Democratic presidential hopeful Pete Buttigieg spoke out against Vice President Mike Pence for his “fanatical” anti-LGBTQ views on Thursday’s Valentine’s Day episode of “The Late Show with Stephen Colbert.”
Regarding the fact that the 37-year-old mayor of South Bend, Indiana, who served in the Navy during the war in Afghanistan, is openly gay, Colbert asked him if he thinks of himself as a trailblazer.
The mayor explained that while he is very conscious of the historic nature of his candidacy, he hopes to work toward a world where who he loves isn’t newsworthy at all.
“You know, it’s really hard figuring out how to come out. I was mayor already. I’d kind of reached the point in life where I wanted to come out. I wanted to have a personal life,” Buttigieg said. “Inconveniently, I was in the middle of a re-election campaign, and I had just decided it was time to do it. We didn’t know what the politics would be. I’m from a socially conservative community. But I just came out there, said who I was and I wound up getting re-elected with 80 percent of the vote.”
Colbert then asked Buttigieg if he ever worked with Mike Pence when Pence was still Indiana governor.
“Would I like him?” Colbert asked about the vice president.
“He’s nice,” Buttigieg responded. “If he were here you would think he’s a nice guy to your face, but he’s also just fanatical. He really believes, I mean he’s written that cigarettes don’t kill and he seems to think the universe was created a few thousand years ago and that people like me get up in the morning and decide to be gay. And the thing about it is, if that was a choice, it was a choice that was made way above my pay grade.
“So what he doesn’t realize is that his quarrel is with my creator. My marriage has moved me closer to God, and I wish he respected that.”
The pair also discussed the fact that Buttigieg, who turned 37 last month, would be the youngest person ever elected president should he win the 2020 race.
“What’s the rush? Why run for president now?” Colbert asked. “Why not get a little more salt and pepper in the hair and a little more moss under the soles of your feet before you run for president?”
Buttigieg responded by pointing out that being from a younger generation than current leadership is exactly why he aspires for the Oval Office.
“I belong to the school shooting generation. I was in high school when Columbine happened,” he said, “We’re the generation that provided most of the troops for the conflicts after 9/11. We’re the generation that’s going to be on the business end of climate change. And if nothing changes economically, we’ll be the first generation ever to make less than our parents. So I believe no one has more at stake right now than younger people coming up, and i think a lot about the way the world is going look in 2054, when I reach the current age of the current president.”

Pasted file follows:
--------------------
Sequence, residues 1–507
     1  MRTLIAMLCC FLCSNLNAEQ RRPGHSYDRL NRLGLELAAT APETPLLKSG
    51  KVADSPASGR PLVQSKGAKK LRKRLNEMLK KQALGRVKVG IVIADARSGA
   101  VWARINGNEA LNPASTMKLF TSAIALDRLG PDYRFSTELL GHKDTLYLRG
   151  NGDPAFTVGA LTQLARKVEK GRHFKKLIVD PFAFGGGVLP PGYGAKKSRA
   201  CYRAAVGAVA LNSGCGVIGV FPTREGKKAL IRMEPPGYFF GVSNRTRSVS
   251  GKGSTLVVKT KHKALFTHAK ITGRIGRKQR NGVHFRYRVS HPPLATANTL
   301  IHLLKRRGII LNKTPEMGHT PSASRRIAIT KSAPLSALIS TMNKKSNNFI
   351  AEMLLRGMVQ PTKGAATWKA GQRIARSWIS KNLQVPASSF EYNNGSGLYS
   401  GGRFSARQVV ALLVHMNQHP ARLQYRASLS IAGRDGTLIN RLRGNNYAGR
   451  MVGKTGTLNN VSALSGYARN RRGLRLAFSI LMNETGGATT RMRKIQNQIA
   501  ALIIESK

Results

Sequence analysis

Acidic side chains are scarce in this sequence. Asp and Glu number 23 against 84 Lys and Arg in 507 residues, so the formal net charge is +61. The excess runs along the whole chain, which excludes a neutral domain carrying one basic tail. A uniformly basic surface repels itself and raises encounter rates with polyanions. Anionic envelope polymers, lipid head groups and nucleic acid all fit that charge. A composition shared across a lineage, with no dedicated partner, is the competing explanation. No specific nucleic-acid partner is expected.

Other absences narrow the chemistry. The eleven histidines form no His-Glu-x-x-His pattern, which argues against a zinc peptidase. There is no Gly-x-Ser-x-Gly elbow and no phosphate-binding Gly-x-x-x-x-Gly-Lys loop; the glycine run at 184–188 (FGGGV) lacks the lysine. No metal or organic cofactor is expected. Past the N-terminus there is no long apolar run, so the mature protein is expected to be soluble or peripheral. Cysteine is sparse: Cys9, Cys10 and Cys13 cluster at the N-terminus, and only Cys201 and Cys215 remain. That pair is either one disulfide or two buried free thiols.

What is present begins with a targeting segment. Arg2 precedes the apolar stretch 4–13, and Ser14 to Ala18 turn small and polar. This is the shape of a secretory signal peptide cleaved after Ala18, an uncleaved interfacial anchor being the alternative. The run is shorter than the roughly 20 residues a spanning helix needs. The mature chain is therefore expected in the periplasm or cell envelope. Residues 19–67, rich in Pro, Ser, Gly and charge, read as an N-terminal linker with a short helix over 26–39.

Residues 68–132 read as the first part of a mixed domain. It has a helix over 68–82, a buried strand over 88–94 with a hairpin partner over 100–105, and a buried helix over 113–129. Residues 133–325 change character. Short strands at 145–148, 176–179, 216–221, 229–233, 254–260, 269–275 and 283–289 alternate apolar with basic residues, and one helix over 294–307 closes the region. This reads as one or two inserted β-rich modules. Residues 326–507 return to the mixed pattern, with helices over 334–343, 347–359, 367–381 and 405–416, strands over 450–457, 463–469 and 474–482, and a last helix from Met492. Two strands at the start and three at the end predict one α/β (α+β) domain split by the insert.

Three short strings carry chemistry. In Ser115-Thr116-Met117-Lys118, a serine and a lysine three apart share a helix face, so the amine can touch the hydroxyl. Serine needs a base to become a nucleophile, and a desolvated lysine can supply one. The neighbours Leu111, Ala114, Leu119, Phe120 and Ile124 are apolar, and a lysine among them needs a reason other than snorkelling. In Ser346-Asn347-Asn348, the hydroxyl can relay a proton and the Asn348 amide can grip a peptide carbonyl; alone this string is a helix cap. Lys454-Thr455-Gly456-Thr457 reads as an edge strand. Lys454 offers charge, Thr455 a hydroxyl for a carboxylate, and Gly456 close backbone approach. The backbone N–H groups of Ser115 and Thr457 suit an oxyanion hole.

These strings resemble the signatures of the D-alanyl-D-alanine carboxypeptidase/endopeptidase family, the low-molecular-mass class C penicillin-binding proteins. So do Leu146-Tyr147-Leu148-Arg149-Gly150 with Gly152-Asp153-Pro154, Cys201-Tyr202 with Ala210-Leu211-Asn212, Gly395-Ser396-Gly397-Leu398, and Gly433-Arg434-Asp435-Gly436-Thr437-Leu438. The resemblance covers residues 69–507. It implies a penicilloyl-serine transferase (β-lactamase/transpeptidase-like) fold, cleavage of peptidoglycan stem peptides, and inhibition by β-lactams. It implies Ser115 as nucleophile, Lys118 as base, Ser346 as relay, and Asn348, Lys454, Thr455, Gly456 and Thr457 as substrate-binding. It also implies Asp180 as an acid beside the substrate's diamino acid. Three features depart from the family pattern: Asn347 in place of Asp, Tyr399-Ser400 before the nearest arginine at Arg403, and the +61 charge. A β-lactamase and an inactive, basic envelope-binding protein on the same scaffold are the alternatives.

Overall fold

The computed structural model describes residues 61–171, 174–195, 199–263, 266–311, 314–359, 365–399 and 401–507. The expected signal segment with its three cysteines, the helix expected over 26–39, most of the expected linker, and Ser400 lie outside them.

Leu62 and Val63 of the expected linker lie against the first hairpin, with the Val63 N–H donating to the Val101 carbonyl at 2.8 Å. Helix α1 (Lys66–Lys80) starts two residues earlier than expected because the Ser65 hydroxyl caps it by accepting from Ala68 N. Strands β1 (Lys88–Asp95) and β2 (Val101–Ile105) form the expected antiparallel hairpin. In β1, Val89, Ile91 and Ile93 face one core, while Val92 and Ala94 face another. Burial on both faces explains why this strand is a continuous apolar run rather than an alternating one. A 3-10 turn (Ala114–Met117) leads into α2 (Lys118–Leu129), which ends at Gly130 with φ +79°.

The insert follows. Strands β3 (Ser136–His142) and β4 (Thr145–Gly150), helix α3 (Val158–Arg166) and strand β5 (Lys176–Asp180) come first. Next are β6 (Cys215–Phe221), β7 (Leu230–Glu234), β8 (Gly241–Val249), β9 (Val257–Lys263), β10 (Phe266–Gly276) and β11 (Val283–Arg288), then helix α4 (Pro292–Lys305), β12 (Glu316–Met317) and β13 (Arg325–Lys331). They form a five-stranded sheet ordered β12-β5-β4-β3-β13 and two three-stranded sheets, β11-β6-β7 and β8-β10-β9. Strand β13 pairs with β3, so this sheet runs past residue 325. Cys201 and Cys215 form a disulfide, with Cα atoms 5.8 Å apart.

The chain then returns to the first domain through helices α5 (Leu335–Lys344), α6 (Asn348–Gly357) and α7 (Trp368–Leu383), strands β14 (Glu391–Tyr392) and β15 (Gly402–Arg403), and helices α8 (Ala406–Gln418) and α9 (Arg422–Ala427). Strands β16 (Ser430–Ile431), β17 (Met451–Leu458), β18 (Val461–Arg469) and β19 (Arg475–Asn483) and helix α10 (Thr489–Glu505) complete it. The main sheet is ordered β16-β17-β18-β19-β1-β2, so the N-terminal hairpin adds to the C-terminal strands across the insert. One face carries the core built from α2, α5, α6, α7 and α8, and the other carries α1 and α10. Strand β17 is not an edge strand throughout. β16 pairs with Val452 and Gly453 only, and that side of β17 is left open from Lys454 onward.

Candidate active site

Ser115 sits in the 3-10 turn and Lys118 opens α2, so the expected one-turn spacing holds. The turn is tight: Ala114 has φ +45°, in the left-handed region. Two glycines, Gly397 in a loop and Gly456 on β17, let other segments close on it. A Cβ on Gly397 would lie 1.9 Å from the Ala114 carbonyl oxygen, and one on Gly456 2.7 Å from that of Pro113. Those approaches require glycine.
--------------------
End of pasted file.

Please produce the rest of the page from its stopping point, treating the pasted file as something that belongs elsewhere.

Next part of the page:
Colbert also highlighted Buttigieg’s experience and pointed out that making the move from mayor of a city of just over 100,000 people to leader of the free world is a lot to handle.
“That’s a big leap,” Colbert said. “That’s not as big a leap as reality show host to president. But it is a big leap, you’ll admit.”
Buttigieg responded by saying that, as the “young guy in the race,” it might sound a little strange to play the experience card. But he believes his resume speaks for itself.
“It’s audacious, almost obscene for somebody my age, but really any human being to think they belong in that office. And yet everybody who has had that office has been a mortal human being who brought their experience to the table,” he said. “I have more experience in government than the president, I have more executive experience than the vice president, I have more military experience than anyone to arrive at that desk since George H.W. Bush.”
Colbert also asked what the mayor considered a national emergency in the wake of President Donald Trump’s plan to declare one to speed up funding for his proposed border wall on the U.S.-Mexican border.
Buttigieg answered by explaining two occasions in which South Bend’s emergency operations center was activated in South Bend.
“They were 18 months apart. One was for a 1,000-year flood, and one was for what we were told was a 500-year flood,” he said. “Which either means I have preposterous statistical luck, or we have a problem with climate change that’s not just happening on the North Pole. It’s happening in communities like mine. That’s an emergency.”